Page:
Think hyenas are just dumb scavengers? These hyenas hunt flamingos!

Hyenas have a very poor rep. Often depicted as the merciless villain, shown on TV chomping a pretty baby fawn or attacking ‘beautiful and fluffy’ big cats. OK, the adults might not win any ‘best looking animal’ awards, but their cubs are damn cute! And there is one other extremely important aspect to a hyena’s character that rarely makes it to the screen. The reason they are so numerous and widespread. The reason they are such successful hunters… They are very smart!

Lake Nakuru National Park

View over Lake Nakuru. Photograph by © Elliott Neep. Photographed in Lake Nakuru National Park, Kenya with Canon EOS-1Ds Mark II and 16.0-35.0 mm lens at ¹⁄₁₆₀ sec at ƒ / 8.0 on ISO 200

After three days, my time was running out. My personal mission for this leg of the safari had been to photograph the hyenas that were known to prey on the lesser flamingos around the Rift Valley soda lakes. I was in Kenya’s stunning Lake Nakuru National Park, probably the most accessible of the soda lakes. It had been an incredible safari with breath-taking sightings of the flamingo flocks huddling in the shallow waters, lions, rhinos, and leopards lounging in the boughs of yellow-fever acacia trees.

I’d come close to reaching my goal for the trip several times. Having spotted hyenas patrolling the lake shore, I’d taken up position and waited. For whatever reason, the hyenas decided to scavenge on the rancid carcasses of ‘ex-flamingos’ instead. This was now my last day. In fact, these were my last four hours, as I was due to fly out for the Masai Mara at 11:00am. With my guide Joseph, we drove down to the lake shore to see what was happening. The skies were heavy and overcast. The light was still very dull with the sun only just rising over the lake’s high rim. The flamingos were preening and grooming close to the mouth of an inflowing river.

There are only a few locations in the lake where freshwater flows in. Here, the flamingos can preen their feathers and drink. However, it’s at these hotspots that they’re most vulnerable. At the mouth of the freshwater inflows, the water is shallow and an easy target for the opportunistic hyenas, leopards, and jackals.

Just a few hundred metres away, I could see a pair of hyenas ambling towards us. They scampered about on the beach, chasing and tap-tackling. Was it a ploy? Did this behaviour lull the birds into a false sense of security? The hyenas continued to approach and slowly veered towards the water’s edge.

They sniffed the air, but carried on walking. Eventually they reached the sand bar at the mouth of the freshwater river. They glanced around at us and then at the flamingos. With a collective unease ruffling through their number, the flock was edging away. A nervous chorus rose from the flock. The hyenas entered into the freshwater, but just took a long drink.

Spotted Hyena (Crocuta crocuta)

Spotted hyena patrolling lake shore and testing the flamingos. Photograph by © Elliott Neep. Photographed in Lake Nakuru National Park, Kenya with Canon EOS-1Ds Mark II and 600.0 mm lens at ¹⁄₅₀₀ sec at ƒ / 5.6 on ISO 400

One hyena started to walk out toward the flamingos. It looked like it had a force-field in front as the flamingos maintained their distance. A few flamingos closest to the hyena began to run and took flight. The hyena stopped walking and just scanned the lines of flamingos. It was looking for weakness, frailty, injured birds that would be easier prey. The hyena turned around and returned to its mate on the shore. The flamingos maintained their distance for about fifteen-minutes, but thousands still had to drink and preen, so gradually they returned to the shallows. Again, the hyenas entered the water to test the lines and again a few flamingos took flight. The hyenas repeated this twice more.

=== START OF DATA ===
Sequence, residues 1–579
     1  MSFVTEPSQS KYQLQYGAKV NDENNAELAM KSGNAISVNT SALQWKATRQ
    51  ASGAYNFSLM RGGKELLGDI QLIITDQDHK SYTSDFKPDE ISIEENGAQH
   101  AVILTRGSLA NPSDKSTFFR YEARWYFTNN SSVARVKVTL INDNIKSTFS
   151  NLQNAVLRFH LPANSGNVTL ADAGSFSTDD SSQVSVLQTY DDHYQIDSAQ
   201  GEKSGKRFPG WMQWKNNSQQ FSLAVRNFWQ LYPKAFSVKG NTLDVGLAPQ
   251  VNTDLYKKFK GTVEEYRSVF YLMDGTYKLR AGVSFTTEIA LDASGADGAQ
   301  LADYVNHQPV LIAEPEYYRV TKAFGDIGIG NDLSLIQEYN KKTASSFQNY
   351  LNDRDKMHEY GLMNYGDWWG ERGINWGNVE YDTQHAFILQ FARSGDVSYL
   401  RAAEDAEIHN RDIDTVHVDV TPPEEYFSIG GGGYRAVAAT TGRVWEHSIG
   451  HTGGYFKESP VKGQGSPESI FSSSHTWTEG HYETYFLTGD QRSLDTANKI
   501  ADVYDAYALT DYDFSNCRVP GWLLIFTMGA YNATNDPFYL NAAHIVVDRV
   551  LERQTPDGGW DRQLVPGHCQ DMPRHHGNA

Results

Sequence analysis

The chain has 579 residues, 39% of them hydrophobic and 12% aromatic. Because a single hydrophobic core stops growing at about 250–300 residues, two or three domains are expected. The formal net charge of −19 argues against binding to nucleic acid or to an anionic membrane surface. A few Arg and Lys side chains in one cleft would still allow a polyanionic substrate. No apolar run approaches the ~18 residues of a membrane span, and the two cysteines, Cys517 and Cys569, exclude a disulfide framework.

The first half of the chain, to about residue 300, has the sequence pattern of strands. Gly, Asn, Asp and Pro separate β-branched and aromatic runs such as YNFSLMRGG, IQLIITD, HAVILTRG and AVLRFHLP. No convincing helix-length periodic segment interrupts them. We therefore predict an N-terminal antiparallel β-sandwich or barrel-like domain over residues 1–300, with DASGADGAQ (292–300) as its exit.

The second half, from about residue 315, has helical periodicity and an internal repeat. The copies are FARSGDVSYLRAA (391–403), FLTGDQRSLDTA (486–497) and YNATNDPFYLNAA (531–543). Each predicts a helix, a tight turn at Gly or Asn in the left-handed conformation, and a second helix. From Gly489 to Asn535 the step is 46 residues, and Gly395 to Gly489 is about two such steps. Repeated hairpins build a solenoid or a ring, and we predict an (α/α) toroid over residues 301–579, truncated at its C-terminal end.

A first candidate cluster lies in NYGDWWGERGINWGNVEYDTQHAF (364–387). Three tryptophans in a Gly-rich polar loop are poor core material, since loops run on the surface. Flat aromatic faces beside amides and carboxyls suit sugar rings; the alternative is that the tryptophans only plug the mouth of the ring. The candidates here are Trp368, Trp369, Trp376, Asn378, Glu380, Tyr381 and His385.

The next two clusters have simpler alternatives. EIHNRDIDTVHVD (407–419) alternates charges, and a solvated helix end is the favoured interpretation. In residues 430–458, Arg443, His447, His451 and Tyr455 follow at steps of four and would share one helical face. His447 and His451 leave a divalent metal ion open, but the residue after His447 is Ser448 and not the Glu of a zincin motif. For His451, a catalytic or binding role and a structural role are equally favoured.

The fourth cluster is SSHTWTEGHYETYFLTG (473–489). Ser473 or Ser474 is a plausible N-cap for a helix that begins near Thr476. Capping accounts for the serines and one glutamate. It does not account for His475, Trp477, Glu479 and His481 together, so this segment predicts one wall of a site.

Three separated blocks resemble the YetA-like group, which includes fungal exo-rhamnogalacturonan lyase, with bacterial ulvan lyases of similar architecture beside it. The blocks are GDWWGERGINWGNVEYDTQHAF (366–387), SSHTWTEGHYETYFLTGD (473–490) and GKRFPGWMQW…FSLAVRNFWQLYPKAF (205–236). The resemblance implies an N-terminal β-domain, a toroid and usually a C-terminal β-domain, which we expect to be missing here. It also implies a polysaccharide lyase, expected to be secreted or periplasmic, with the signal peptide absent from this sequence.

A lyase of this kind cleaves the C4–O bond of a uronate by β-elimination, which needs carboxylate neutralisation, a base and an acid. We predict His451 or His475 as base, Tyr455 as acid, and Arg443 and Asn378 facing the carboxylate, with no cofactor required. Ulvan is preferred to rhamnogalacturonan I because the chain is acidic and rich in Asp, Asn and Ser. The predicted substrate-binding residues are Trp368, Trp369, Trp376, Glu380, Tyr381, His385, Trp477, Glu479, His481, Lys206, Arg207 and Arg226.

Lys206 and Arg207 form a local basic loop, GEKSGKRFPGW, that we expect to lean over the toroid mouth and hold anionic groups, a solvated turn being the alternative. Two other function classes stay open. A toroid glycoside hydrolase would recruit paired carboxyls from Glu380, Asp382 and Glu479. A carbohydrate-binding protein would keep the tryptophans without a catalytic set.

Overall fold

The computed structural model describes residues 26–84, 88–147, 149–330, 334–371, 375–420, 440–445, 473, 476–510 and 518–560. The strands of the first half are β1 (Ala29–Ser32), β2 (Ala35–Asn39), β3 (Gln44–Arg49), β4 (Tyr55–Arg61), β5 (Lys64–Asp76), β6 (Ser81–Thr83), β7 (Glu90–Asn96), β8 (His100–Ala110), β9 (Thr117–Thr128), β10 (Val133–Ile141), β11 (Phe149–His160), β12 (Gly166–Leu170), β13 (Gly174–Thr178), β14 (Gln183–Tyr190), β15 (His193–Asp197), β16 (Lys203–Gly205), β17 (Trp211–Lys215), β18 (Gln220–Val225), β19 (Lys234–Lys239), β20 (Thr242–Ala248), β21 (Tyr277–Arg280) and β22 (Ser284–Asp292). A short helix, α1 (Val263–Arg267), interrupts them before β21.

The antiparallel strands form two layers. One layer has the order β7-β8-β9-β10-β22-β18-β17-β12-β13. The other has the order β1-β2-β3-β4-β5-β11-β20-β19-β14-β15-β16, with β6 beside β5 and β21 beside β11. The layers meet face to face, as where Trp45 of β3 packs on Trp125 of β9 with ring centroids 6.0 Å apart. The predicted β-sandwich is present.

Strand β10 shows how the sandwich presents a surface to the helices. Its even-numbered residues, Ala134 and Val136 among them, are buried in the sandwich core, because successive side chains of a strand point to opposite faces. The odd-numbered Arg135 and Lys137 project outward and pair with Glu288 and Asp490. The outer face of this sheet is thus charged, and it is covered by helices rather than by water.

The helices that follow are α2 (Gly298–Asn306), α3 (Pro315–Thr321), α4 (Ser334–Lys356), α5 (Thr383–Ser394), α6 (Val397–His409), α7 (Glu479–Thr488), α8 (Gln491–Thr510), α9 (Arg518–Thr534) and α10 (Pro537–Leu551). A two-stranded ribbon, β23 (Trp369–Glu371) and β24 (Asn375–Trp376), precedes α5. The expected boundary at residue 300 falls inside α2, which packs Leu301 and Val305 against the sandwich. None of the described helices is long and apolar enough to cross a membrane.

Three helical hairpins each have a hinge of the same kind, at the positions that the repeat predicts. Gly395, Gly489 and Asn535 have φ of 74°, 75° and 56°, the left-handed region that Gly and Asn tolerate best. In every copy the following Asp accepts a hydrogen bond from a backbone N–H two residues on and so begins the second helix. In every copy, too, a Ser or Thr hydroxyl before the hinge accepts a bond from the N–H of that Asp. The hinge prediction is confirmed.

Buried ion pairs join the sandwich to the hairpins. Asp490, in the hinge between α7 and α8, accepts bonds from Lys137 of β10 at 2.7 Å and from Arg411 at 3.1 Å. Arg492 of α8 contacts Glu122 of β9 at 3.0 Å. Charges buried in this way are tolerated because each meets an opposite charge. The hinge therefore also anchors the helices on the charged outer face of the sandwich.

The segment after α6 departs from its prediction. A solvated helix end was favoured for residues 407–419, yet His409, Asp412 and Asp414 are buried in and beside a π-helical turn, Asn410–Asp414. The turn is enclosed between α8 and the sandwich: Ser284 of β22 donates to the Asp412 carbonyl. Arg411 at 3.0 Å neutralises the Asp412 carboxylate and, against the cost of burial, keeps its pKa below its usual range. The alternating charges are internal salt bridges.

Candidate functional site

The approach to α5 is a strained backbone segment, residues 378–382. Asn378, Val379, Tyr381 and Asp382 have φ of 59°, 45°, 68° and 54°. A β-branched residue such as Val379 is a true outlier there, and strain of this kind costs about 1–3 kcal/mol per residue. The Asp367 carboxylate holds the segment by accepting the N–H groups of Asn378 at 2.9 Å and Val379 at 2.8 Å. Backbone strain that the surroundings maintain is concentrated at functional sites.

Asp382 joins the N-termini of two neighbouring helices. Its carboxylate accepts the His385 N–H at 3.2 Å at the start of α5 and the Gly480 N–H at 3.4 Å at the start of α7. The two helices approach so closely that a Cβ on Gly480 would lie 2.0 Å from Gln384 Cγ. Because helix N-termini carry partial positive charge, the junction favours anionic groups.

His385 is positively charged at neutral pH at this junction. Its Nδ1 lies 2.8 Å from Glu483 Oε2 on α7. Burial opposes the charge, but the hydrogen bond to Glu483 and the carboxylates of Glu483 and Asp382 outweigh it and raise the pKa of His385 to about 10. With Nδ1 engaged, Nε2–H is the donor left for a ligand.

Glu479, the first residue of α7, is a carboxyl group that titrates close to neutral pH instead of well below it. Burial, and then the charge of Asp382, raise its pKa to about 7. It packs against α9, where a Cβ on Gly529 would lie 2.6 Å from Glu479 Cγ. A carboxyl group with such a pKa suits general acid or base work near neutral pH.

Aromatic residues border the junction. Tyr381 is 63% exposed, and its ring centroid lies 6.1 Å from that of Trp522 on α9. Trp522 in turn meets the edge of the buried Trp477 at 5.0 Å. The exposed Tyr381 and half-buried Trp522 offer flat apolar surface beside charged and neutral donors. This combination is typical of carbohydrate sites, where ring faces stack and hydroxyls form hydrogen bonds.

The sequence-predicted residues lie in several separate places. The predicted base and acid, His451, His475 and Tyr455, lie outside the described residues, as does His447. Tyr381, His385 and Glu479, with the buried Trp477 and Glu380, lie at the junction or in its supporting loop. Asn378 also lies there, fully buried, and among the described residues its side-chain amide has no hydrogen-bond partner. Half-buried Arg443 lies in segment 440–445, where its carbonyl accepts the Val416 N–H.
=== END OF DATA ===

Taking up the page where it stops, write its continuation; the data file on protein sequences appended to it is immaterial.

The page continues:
Time was ticking away. I now had only 30-minutes before I had to leave! We had stayed and watched this mesmerising cat-and-mouse behaviour for the entire morning. I was nervous, hot, and sweaty. My camera lens had been trained on the hyenas since they’d arrived.One hyena now stood watching from the shore. It was staring like your dog does when he sees a cat or squirrel. You can tell there is intent. The hyena exploded across the sand bar and ploughed into the water. I had no idea these animals could move so fast. The flamingos panicked and broke into an ungainly leggy run, beating their wings as hard as possible. They had drifted too close to the shore.

I started photographing from the moment the hyena entered the water. I couldn’t tell who would win here. The hyena had the power to run through the water, but many of the flamingos were already airborne. The entire flock launched into the air but in the melee I’d lost sight of the hyena. Then its head popped out the water. From its jaws, a bedraggled flamingo was still beating its wings uselessly. In a few seconds it was dead. Crushed by some of the most powerful jaws in the animal kingdom.

Like a triumphant retriever, the hyena padded back to the shore with the flamingo swaying sadly from its jaws. The other hyena seemed to realise this was a take-away meal for one and did not approach. The successful predator passed our vehicle and headed for a patch of lush green grass behind us. There, it devoured the flamingo in just a few mouthfuls, before heading back to its mate. I just marvelled at their cunning. Making those mock charges to suss out the weak and lame. Feigning that nonchalant appearance on the shore so the flamingos relaxed their guard and drifted back to the shallows. The experience completely transformed my perception of the hyena.

EndThank you for reading


Photographic career began in 2002, freelancing as a commercial photographer. In 2005, I turned full-time 'wildlife pro', winning my first award and gaining agency contracts. Since then, I've travelled the world, photographing in the greatest wildlife hotspots.